- Lessons and Life Lessons in Biology

Protected: B2 Membranes and specialisation

B2.1 Membranes and membrane transport

B2.1.1 The Phospholipid Bilayer

The keywords:

  • Ampiphatic: having a hydrophilic (water-loving) and a hydrophobic end (water-hating)
  • Phospholipid: the backbone molecule of the cell membrane. Made from a phosphate group and two fatty acid chains, joined through glycerol.

The basis of all membranes, either cell membranes or the membranes that surround organelles; is that they are formed from a phospholipid bilayer (two layers of the molecule we call phospholipids).

Phospholipids are ampiphatic, meaning they have a hydrophilic head (phosphate) and two hydrophobic tails (fatty acids).

In the bilayer, phospholipids are arranged so that the hydrophobic tails point towards each other, and the hydrophilic heads point outwards.

Discuss: Why are the phospholipids arranged in this way?


Discuss the image above showing the chemical structure. Which parts of the molecule have charged or polar groups? Which parts of the molecular are hydrophobic / hydrophilic?


B2.1 Lipid bilayers as Barriers

The hydrophilic tails limit the permeability of hydrophilic molecules (such as charged ions like sodium). Larger molecules also have difficulty passing as the phospholipids are closely packed. 

This is why protein channels are necessary to allow ions and larger molecules like glucose to enter the cell membrane. 

Free energy graphs

Free energy is a measure of how much energy a molecule has. Generally, molecules try to reach a low level of free energy.

As a molecule crosses the phospholipid bilayer, if it is hydrophobic it will interact with the hydrophobic tails and reduce its level of free energy. If the same molecule were hydrophilic, it would increase its level of free energy as it would be repelled by the hydrophobic tails. 

Discuss the graph below: Identify the most hydrophilic, and the most hydrophobic drug.


B2.1.3 Simple diffusion across a membrane

Diffusion is the spreading out of particles from a high concentration to a low concentration, not requiring energy.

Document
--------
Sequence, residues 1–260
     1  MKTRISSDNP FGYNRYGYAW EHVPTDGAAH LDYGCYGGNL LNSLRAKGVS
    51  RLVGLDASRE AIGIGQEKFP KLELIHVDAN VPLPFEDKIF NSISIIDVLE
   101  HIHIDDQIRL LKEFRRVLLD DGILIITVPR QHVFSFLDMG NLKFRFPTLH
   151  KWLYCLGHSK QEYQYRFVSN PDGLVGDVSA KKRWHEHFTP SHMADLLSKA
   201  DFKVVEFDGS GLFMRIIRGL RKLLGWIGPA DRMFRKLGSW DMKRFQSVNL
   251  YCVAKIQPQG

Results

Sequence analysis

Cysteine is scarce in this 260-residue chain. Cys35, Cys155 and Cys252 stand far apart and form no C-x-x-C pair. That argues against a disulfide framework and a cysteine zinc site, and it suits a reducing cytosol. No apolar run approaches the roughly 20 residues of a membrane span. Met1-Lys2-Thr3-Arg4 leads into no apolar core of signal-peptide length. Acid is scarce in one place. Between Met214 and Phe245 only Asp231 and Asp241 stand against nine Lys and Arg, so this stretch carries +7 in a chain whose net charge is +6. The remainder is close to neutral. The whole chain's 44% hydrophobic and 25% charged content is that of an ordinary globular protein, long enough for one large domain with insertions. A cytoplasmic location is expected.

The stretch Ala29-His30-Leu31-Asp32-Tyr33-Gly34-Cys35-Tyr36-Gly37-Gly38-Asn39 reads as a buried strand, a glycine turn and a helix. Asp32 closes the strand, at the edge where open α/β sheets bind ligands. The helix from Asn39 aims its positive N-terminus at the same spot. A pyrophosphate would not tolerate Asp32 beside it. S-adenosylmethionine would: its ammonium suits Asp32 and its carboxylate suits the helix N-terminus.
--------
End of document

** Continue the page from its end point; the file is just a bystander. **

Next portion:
Simple diffusion across the phospholipid bilayer is possible for small non-polar molecules, such as gases.

image credit:mrdubuque.com

List: Gases which are likely to cross a cell membrane in this way.


B2.1.4 Integral and Peripheral Proteins

The position of proteins in the cell membrane reflects their function and hydrophilic properties.

Peripheral proteins are embedded in the outside of the bilayer, and are hydrophilic. They are often involved in cell recognition (combined with carbohydrate groups to form molecules called glycoproteins.

Integral proteins pass through the membrane from one side to the other, and have hydrophobic groups on the parts inside the membrane, and hydrophilic groups on the parts of their molecules that protude outside of the membrane. They are involved in the transport of molecules across membranes (as channel proteins or protein pumps).

B2.1.5 Movement of water molecules across membranes by osmosis and the role of aquaporins.

Osmosis is the movement of water from low to high solute concentration, across a membrane. 

Although water is a partially permeable molecule, it is small enough to pass through bilayer.

Some cells have additional protein channels called aquaporins to enhance the membrane permeability. This is particularly useful in the cells that line the nephrons in the kidney, which need to reabsorb water from filtered blood.

Discuss: Where else in the human body would you expect cell membranes to contain aquaporins?

B2.1.6 Channel protein for facilitated diffusion

Integral proteins can be used for the diffusion of polar or medium sized molecules, from a high concentration to a low concentration. These are called channel proteins.

Channel proteins can be gated, which means this diffusion can be controled by a physical barrier which may be open or closed.

Channel proteins can be specific to an ion because of their diameter and properties. Sodium channels found in the nervous system, are a good example.

B2.1.7 Pump proteins for active transport

Other integral proteins use the energy from ATP (adenosine tri-phosphate) to move molecules by active transport.

Active transport is the movement of molecules across a membrane from a low to a high concentration, agains the concentration gradient, requiring energy. 

In order to achieve this movement, pump proteins change their conformation or shape. This requires energy, and moves the required nutrient to the other side of the membrane.

Protein pumps are designed to move specific molecules the same way. For example, the sodium-potassium pumps in a nerve cell alway pump sodium into a membrane, and potassium out. 

B2.1.8 Selectivity in membrane permeability

A membrane will vary in terms of its selective permeability by the number and nature of protein channels and pumps. For example, if a membrane in the respiratory system contains many cloride channels, it will be more permeable to chloride. If it contains no channel proteins and no protein pumps that transport magnesium, it will have a low permeability to magnesium.

image credit: university of california

Overall the transport across membranes can be summarised:

  • Simple non polar or small molecules – go straight through by diffusion
  • Water – travels by osmosis